How Black September Helped to Cement the U.S.-Israel Alliance

Next Tuesday marks the 50th anniversary of the Palestinian uprising in Jordan, and the accompanying wave of hijackings, that came to be known as Black September. In 1967, the Egyptian dictator Gamal Abdel Nasser—looking for a way to strike back at Israel after losing the Six-Day War—had set the stage for the revolt by supporting Yasir Arafat in his takeover of the Palestine Liberation Organization (PLO). Under Arafat’s leadership, the group, based in Jordan, launched frequent guerrilla attacks against Israel—taking advantage of the weakness of the Jordanian monarchy. Sean Durns explains what happened next:

In November 1969, clashes erupted between Jordan’s army and the PLO. Low-level fighting went on intermittently for months with King Hussein still desperate to avoid a full-on confrontation. The king even sought to placate Arafat by offering him a government post, which he refused.

On September 1, 1970, shots were fired at Hussein’s motorcade. Five days later, Palestinian terrorists [affiliated with the PLO] hijacked three airplanes, two American and one Swiss. [Finally]. Hussein, belatedly, chose to act, deploying his troops to crush Arafat and his supporters. The PLO, in turn, called for the king’s overthrow. Pitched battles erupted on Jordan’s streets. Worse still, on September 19, elements of the Syrian military crossed Jordan’s northern border to assist the PLO fighters.

Washington saw Jordan was one of its few reliable allies in the region, in contrast to Soviet-backed Egypt and Syria. But, with its military bogged down in Vietnam, it was reluctant to heed Amman’s calls for help:

On September 20, Secretary of State Henry Kisssinger told Israel’s ambassador to the United States, the future prime minister Yitzḥak Rabin, that King Hussein had asked to have Israel’s air force attack the Syrian invaders. . . . Israel’s Prime Minister Golda Meir ordered the reconnaissance flights and Israel sent troops to its border with Syria. Israeli jets, meanwhile, flew low over Syrian tanks in Jordan—sending an unmistakable signal that Israel would intervene.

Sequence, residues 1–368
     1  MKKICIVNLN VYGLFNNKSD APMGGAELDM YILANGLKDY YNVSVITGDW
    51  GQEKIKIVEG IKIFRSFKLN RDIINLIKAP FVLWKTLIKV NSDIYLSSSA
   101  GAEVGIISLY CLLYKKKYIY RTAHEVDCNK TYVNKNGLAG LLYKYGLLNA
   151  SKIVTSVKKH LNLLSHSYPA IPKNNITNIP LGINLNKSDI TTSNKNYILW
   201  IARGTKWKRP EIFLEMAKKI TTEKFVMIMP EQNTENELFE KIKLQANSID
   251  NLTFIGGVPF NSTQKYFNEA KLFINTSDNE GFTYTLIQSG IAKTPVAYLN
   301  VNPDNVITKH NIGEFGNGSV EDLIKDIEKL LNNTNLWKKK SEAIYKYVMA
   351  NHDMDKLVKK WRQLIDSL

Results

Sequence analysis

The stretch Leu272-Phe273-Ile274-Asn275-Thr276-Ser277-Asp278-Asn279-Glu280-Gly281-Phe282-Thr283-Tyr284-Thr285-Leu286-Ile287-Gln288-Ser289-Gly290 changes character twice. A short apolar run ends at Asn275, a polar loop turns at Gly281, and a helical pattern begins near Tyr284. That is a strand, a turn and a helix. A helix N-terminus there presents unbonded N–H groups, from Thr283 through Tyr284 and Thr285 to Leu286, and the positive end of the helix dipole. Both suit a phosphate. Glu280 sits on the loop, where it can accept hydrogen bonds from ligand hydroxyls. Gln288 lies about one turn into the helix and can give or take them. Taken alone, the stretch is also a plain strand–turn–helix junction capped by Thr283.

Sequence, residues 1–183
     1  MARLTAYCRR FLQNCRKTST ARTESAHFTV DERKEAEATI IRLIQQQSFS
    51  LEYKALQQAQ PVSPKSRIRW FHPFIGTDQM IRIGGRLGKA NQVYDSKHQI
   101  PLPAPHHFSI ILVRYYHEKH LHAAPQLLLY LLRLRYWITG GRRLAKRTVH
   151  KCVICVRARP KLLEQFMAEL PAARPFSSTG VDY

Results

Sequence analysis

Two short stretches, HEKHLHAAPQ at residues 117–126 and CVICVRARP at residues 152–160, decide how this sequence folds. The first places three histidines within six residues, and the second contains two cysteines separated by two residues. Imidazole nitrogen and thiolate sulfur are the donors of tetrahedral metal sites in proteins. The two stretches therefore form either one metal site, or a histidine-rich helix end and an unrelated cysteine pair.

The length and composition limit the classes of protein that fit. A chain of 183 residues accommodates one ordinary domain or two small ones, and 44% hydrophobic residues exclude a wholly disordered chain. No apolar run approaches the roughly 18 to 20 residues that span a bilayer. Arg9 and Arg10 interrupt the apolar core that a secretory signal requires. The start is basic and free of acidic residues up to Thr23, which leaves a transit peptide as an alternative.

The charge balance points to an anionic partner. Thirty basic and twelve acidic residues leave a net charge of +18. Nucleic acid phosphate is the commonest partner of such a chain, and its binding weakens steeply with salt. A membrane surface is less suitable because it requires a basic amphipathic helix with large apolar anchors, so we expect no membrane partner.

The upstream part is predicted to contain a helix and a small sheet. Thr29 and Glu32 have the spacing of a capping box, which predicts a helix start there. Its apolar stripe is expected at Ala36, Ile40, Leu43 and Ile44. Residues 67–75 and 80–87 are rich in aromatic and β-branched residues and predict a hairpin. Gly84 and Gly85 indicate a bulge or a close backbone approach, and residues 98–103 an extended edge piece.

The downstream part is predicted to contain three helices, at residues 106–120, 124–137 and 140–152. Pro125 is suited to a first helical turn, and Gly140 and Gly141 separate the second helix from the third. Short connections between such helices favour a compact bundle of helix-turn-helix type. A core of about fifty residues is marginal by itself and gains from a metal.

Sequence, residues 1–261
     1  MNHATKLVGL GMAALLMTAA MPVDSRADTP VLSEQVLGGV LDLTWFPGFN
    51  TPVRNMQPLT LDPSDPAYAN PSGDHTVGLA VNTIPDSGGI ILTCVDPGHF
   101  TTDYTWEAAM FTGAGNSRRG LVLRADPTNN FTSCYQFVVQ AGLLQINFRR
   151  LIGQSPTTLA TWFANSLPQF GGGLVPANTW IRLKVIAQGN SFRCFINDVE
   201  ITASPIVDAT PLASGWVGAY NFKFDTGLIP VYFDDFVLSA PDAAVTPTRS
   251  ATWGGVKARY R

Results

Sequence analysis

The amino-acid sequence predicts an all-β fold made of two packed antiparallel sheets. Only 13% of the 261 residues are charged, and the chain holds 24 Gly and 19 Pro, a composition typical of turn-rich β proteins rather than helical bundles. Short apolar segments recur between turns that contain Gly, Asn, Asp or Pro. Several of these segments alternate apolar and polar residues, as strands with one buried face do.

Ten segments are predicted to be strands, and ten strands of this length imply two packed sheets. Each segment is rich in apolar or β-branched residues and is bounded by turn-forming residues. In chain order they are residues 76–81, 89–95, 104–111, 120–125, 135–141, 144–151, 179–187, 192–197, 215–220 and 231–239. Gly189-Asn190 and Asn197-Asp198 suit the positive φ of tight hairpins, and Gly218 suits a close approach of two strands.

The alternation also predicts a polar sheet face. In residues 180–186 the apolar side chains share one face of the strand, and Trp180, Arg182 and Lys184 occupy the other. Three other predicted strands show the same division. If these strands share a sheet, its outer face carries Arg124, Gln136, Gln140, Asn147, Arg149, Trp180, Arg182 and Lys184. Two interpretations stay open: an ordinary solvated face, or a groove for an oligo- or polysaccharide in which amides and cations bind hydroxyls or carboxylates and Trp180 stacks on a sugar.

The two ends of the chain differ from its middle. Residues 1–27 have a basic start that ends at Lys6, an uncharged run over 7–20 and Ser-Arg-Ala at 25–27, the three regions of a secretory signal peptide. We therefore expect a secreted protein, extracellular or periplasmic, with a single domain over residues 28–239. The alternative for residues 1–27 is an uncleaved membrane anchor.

While the IDF never engaged the Syrians, its air cover was sufficient to allow Hussein’s forces to push them back; thereafter Jordan crushed the uprising and expelled the PLO to Lebanon. Both Amman and Washington learned that, rather than be a liability, Israeli military prowess could help them protect their interests and maintain stability.

Read more at National Interest

More about: Golda Meir, Henry Kissinger, Israeli history, Jordan, PLO, US-Israel relations, Yasir Arafat

Ordinary Gazans Are Turning against Hamas—and Its Western Sympathizers

In the past few days, difficult-to-confirm reports have emerged of unrest in the Gaza Strip, and of civilians throwing stones at Hamas operatives. A recent video from Al Jazeera showed a Gazan declaring that “God will bring Qatar and Turkey to account” for the suffering of Palestinians in the current war. Being an agent of the Qatari government, the journalist turned away, and then pushed the interviewee with his hand to prevent him from getting near the microphone. Yet this brief exchange contributes much to the ongoing debate about Palestinian support for Hamas, and belies the frequent assertion by experts that the Israeli campaign is only “further radicalizing” the population.

For some time, Joseph Braude has worked with a number of journalists and researchers to interview ordinary Gazans under circumstances where they don’t fear reprisals. He notes that the sorts of opinions they share are rarely heard in Western media, let alone on Al Jazeera or Iran-sponsored outlets:

[A] resident of Khan Younis describes how locals in a bakery spontaneously attacked a Hamas member who had come to buy bread. The incident, hardly imaginable before the present war, reflects a widespread feeling of “disgust,” he says, after Gazan aspirations for “a dignified life and to live in peace” were set back by the Hamas atrocities of October 7.

Fears have grown that this misery will needlessly be prolonged by Westerners who strive, in effect, to perpetuate Hamas rule, according to one Gazan woman. Addressing protesters who have taken to the streets to demand a ceasefire on behalf of Palestinians, she calls on them to make a choice: “Either support the Palestinian people or the Hamas regime that oppresses them.” If protesters harbor a humanitarian motive, she asks, “Why don’t we see them demonstrating against Hamas?”

“Hamas is the destruction of the Palestinian people. We’ve had enough. They need to be wiped out—because if they remain, the people will be wiped out.”

You can watch videos of some of the interviews by clicking the link below.

Read more at Free Press

More about: Gaza War 2023, Hamas, Palestinian public opinion